UCLA spring football primer: The defense

UCLA officially begins spring football practice Tuesday with an eye toward improving on a disappointing 4-8 season last year.

We'll break down the Bruins' depth charts and coaching staff over the next few days and take a look at the positions that are up for grabs and well as those that are solidified. We begin with the defense.


UCLA ranked 94th out of 119 Football Bowl Subdivision teams and ninth in the Pac-10 in total defense, giving up 420.08 yards per game. The Bruins were 108th in the nation against the run and gave up an average of 262.13 yards in their eight losses.

The Bruins were decent against the pass, ranking 53rd in the nation and fifth in the Pac-10 by giving up 214.58 yards passing per game, but gave up 300 or more yards through the air in three of their final six games.


Joe Tresey replaces the fired Chuck Bullough as defensive coordinator and promises to bring a more versatile and flexible scheme, though his base will still be a 4-3.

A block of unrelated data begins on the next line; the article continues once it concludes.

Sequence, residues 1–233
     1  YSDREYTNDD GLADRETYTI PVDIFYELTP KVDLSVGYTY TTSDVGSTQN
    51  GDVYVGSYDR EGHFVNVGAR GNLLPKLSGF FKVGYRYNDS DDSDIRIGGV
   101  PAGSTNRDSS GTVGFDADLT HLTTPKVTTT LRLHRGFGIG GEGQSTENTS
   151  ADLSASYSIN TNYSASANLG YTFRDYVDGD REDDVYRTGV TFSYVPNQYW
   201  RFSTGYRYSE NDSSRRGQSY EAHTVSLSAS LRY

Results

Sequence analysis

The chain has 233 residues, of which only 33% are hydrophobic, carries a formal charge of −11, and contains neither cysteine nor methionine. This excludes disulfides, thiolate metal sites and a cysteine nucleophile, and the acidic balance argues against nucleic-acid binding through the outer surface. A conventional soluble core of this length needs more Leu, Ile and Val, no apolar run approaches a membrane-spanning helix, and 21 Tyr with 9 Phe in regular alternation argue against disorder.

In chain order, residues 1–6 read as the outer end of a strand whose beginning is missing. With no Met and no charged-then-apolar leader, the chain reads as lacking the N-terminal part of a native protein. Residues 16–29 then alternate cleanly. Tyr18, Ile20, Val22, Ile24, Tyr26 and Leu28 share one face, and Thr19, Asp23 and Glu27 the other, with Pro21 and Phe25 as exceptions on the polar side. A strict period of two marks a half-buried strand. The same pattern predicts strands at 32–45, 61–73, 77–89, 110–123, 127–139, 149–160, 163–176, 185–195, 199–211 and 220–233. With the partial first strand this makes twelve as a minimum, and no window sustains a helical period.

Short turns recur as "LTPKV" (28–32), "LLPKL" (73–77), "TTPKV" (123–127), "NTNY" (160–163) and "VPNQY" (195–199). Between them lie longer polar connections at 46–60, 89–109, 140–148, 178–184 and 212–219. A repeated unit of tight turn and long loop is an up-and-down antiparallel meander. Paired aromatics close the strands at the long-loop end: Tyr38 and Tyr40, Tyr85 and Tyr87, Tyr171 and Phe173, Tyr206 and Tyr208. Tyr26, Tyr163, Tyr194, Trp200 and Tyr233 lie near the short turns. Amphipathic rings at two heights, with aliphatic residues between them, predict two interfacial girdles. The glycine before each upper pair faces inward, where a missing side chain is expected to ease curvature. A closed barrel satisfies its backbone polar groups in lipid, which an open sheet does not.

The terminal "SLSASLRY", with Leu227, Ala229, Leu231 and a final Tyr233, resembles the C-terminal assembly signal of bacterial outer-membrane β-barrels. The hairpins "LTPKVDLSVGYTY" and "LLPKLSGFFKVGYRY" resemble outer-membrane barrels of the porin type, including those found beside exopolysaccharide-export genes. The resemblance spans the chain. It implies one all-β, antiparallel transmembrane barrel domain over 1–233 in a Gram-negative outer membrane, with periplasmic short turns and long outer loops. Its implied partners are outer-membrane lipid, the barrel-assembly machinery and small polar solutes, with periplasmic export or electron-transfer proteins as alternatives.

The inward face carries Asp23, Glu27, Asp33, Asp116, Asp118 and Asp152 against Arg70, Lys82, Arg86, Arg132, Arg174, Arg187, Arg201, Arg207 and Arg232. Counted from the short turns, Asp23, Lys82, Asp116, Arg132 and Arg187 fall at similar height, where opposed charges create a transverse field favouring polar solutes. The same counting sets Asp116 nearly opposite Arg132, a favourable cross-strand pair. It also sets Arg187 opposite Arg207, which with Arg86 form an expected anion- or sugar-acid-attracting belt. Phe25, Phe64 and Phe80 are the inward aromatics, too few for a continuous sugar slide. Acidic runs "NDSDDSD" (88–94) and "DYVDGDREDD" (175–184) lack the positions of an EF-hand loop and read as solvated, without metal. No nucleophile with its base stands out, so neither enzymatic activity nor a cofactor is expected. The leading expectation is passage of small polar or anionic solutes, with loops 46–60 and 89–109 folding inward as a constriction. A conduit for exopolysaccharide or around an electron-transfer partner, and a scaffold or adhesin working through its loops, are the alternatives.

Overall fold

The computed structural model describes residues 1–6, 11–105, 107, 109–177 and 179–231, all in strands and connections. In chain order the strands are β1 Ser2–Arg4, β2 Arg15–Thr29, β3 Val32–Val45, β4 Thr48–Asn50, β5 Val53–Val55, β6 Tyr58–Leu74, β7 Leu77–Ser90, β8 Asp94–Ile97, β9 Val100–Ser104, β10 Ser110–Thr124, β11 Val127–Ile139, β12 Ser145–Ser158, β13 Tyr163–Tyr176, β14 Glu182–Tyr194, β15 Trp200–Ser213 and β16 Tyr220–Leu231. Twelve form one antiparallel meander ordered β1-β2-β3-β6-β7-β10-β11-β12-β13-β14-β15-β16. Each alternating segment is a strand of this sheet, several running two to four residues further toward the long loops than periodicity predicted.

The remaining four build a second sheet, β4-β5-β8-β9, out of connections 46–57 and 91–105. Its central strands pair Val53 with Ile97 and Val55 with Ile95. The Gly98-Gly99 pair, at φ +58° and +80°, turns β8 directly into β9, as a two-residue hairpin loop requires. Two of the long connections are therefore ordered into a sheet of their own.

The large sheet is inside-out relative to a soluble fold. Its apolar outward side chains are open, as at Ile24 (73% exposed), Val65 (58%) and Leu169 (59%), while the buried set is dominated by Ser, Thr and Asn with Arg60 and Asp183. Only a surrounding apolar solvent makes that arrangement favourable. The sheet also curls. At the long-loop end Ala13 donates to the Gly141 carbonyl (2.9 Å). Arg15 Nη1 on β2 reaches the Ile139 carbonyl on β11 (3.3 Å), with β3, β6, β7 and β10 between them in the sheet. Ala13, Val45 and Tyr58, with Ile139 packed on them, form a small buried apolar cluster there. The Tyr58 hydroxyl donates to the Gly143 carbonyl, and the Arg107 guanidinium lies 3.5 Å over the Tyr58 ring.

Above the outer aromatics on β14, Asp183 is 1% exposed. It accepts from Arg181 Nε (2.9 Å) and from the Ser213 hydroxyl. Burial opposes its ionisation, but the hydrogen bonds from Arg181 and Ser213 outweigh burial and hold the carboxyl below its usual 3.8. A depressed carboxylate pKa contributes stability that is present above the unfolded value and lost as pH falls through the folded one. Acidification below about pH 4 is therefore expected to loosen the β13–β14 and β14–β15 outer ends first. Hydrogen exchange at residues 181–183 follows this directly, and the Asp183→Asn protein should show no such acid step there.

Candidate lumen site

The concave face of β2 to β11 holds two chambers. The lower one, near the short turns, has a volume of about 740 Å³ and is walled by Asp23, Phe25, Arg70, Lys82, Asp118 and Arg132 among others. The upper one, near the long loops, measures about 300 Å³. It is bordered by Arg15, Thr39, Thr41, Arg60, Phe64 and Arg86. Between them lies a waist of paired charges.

Tresey was defensive coordinator at South Florida in 2009, when his defense ranked No. 24 nationally in total defense. He spent 2007-08 as defensive coordinator for Cincinnati, where his defense led the nation in turnovers gained (42) and interceptions (26) in 2007, while finishing 13th in scoring defense (18.8 ppg). The following year, Cincinnati ranked 31st nationally in total defense (321.9 ypg), 19th in rushing defense (115 ypg) and 25th in scoring defense (20.1 ppg).


Youth and inexperience were problems for this unit a year ago, but it won't have those issues in 2011. Seven returning defensive linemen have starting experience and the positions here figure to be among the most hotly contested throughout the spring and fall camps.

This unit gets a big boost with the return of defensive end Datone Jones (6-4, 272), who sat out last season after breaking his foot on the first day of fall camp. Jones is a disruptive force at the end, who started all 13 games as a sophomore and tallied four sacks with 11 tackles for a loss.

Tackle Cassius Marsh (6-4, 295) and end Owamagbe Odighizuwa (6-4, 264) have a year of experience under their belts after ending last season as starters as true freshmen. Nate Chandler (6-5, 298) made eight starts last season a s a junior, switching between end and tackle, and figures to get most of his action at tackle this season with the graduation of 12-game starter David Carter .